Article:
The artist (still) known as I Am Morley

One of my favorite bloggers, who goes by the nom de plume Quieter Elephant had posted something from the artist known as I  Am Morley. He is quirky and self-reflective and in many ways a lot like me, including his need for outside approval and his questioning his role/mission as seer/”poet”/commentator.

Morley makes posters, which include an image of him writing or painting the poster, and hangs them everywhere. Some of them get painted over right away. All are cool, insightful. I am now a fan. Just spent (not wasted, spent) an entertaining and enlightening 45 minutes going through the first 10 or so pages of his blog and adding him to my list of blogs I follow (which is getting quite long — I may have to rethink my work load if I’m even to pretend to keep up with all this reading, especially with the Sunday NYTimes, my weekly New Yorkers and the 2 or 3 books I’m usually reading at the same time).

The most recent post on his blog shows him distributing medals he made awarding people for “the distinguished act of behaving like a real person and practicing basic consideration for others instead of just being an asshole all the time.” He hung them on signs and from buildings and around mannequin’s necks (is that really how one spells “mannequin”? Weird), and gave some to people he saw on the street, and ends the video with this: “To whoever finds the medals, try to do your best to deserve them.”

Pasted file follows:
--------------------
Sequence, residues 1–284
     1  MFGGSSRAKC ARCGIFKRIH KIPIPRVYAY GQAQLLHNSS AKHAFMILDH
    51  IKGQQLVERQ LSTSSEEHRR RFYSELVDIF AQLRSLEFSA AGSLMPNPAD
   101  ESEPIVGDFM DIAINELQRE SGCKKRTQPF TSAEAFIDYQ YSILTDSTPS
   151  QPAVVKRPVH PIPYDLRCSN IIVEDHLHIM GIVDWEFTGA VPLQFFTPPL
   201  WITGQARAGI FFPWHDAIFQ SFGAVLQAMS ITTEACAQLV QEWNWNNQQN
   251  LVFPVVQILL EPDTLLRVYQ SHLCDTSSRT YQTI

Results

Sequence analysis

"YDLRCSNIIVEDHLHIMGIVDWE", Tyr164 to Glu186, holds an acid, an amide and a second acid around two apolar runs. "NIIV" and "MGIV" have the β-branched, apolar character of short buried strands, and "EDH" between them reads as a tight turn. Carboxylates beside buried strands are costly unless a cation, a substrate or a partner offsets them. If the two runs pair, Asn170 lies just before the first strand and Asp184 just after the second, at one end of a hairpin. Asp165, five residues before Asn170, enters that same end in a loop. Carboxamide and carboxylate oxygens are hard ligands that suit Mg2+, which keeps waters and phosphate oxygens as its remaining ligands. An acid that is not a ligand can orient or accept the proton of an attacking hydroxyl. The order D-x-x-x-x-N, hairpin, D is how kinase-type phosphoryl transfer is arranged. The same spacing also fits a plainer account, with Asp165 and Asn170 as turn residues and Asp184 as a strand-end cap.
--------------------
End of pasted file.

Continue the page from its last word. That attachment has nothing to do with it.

Anyway, this poster in particular seemed to speak to my guru project:


In case it’s hard for you to read:
“With the sea to our backs, and tomorrow at the breach of our lips,
we ride at the highest speed, laugh like our souls have never known hunger
and live our lives awake.”

Spot on.

6 thoughts on “The artist (still) known as I Am Morley

    • I know, right?
      I was just thinking about you this morning — wanna come to a yoga class with me one of these weeks? I’ve got two I love, Mondays at 9 and Wednesdays at noon. This Monday wouldn’t be as good because I’d like to make you a cup of coffee after and I have to go right somewhere afterwards. Email me?

      Glad you like the new blog!

  1. I like stuff like that. Scouts Canada hand out those rubber bracelets each year to kids who do a “good turn”. The “daily good turn” concept dates from Baden-Powell’s first ideas in 1907. The idea is for them to pass them on to others they see doing something worthy. Obviously (given there’s a URL and phone number on them) it’s cheap advertising too, but I like the idea.

    Oh – and I’m glad you’re SPENDING your time so irrelevantly. 🙂

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